Are you headed to Russia this summer? With the biggest sporting event in history finally upon us once again, thousands of football fans have made (or plan to make) the lengthy journey from the UK and beyond, all the way to Russia to witness the delights of 32 teams from across the globe, including defending champions Germany and in their debut World Cup tournaments, the nations of Iceland and Panama. Although Russia has plenty on offer for tourists including food, architecture and rich history, it’s also a vastly different country from the UK, with different rules, attitudes and laws. To make sure you stay on the right side of the locals this summer, be sure to take a look at this handy guide and make the most of your trip to the biggest country in the world.
In the wake of security worries and poor press regarding xenophobia and hooliganism, a FIFA spokesperson said “As far as security for the 2018 FIFA World Cup is concerned, FIFA has complete trust in the security arrangements and comprehensive security concept developed by the Russian authorities and the Local Organising Committee. As demonstrated during the FIFA Confederations Cup last year, Russia’s already high-security standards have been adapted to meet the specific needs of such major sporting events.”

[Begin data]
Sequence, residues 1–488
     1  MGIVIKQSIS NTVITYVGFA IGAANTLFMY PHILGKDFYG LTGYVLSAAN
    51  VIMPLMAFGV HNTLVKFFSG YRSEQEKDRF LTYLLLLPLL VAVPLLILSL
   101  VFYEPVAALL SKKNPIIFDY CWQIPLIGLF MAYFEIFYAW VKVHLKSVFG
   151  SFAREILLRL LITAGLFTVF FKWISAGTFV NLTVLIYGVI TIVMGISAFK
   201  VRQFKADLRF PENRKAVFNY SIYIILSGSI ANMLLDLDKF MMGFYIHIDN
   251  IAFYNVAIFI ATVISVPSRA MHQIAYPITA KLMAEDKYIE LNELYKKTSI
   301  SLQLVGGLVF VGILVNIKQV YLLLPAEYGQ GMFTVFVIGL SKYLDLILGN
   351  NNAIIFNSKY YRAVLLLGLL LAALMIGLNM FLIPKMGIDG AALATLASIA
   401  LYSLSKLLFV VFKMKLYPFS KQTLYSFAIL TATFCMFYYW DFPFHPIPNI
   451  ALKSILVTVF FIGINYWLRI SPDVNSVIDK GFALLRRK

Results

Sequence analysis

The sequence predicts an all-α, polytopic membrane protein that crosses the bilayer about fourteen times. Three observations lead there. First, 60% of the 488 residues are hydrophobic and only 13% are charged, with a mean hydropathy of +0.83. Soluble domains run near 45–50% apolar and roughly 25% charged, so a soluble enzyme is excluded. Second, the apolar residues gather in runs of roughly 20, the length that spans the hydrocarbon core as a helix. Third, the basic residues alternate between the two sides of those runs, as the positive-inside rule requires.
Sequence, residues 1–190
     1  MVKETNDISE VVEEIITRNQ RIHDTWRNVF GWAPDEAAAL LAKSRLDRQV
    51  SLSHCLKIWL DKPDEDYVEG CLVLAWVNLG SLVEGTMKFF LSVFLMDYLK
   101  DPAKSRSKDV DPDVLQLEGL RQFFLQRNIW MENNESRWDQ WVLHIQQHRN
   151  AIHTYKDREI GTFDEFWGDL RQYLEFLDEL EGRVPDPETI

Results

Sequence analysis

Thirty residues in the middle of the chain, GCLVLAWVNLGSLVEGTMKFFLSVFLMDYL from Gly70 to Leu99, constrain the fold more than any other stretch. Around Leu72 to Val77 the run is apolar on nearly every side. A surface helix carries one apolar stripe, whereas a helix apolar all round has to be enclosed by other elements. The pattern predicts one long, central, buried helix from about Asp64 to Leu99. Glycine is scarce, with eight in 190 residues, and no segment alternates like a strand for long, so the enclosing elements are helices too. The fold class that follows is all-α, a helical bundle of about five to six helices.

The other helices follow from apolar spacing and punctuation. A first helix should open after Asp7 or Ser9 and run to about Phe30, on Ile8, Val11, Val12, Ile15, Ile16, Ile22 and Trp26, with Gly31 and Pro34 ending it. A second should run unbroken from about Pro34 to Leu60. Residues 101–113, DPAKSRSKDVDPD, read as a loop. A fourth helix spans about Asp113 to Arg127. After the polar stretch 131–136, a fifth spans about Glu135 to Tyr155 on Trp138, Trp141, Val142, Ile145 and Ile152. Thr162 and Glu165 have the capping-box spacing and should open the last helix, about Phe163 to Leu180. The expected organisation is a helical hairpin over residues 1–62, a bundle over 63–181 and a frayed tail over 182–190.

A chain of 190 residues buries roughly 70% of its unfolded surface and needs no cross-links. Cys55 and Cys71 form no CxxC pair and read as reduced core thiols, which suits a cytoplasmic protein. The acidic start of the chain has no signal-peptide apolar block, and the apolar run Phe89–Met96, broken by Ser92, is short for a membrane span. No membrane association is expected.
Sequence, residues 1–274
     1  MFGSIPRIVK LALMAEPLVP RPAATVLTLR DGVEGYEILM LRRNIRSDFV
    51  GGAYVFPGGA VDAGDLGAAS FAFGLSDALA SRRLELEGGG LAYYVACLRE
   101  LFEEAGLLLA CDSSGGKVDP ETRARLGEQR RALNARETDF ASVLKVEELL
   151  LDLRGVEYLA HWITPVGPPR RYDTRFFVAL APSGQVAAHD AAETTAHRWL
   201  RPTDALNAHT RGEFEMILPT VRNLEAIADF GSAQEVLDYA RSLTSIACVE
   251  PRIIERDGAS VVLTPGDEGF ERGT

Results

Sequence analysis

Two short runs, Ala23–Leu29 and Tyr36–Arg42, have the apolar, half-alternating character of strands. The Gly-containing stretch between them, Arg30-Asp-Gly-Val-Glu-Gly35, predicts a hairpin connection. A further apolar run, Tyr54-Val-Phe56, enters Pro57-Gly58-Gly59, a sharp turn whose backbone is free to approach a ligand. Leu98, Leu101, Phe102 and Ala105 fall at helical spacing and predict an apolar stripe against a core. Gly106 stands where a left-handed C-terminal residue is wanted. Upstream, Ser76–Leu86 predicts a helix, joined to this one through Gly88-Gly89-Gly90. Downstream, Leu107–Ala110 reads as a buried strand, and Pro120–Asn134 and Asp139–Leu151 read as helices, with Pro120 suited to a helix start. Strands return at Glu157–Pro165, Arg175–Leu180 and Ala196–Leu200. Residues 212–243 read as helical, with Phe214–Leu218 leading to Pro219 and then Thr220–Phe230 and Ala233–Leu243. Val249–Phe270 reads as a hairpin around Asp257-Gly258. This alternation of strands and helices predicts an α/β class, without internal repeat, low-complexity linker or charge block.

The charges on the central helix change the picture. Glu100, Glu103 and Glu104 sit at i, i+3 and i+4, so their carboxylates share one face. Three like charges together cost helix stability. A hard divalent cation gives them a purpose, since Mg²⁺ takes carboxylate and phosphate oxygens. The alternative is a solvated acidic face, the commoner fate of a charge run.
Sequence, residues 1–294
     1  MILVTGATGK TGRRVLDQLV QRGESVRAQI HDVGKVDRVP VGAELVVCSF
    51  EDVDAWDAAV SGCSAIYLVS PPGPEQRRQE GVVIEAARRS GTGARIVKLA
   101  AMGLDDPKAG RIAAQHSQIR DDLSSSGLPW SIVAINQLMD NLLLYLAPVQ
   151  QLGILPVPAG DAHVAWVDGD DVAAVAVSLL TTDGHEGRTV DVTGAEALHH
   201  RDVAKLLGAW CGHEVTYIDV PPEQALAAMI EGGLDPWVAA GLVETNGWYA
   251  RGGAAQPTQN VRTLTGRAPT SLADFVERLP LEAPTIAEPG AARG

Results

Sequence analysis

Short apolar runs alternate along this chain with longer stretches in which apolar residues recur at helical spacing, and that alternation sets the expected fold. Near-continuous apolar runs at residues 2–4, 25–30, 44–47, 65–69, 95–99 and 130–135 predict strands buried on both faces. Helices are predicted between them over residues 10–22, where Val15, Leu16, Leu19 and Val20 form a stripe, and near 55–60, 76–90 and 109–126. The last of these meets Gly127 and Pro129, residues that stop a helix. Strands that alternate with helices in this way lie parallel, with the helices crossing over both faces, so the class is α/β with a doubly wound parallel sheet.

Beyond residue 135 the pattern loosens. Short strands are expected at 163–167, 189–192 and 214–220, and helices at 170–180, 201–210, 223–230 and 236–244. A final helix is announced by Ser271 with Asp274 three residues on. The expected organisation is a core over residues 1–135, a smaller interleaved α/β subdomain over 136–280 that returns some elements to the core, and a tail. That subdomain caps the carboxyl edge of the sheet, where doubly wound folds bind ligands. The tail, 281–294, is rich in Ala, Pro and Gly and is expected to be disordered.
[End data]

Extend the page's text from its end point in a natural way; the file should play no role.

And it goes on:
Although almost all of the nation will be open to tourists, especially with the increased income that the World Cup will bring, there are still a few places that the UK government recommend foreigners avoid due to the high possibility of crime, and uncertainty between international relations
- Stay clear of borders within 10km of Georgia, Ukraine and Azerbaijan.
- Make no attempts to travel to Chechnya, Ingushetia and Dagestan and the districts of Budyonnovsky, Levokumsky, Neftekumsky, Stepnovsky and Kursky in Stavropol Krai
- Avoid all except essential travel within 10km of the border of Kharkiv Oblast
- Avoid all except essential travel to North Ossetia, Karachai-Cherkessia and Kabardino-Balkaria (including the Elbrus area).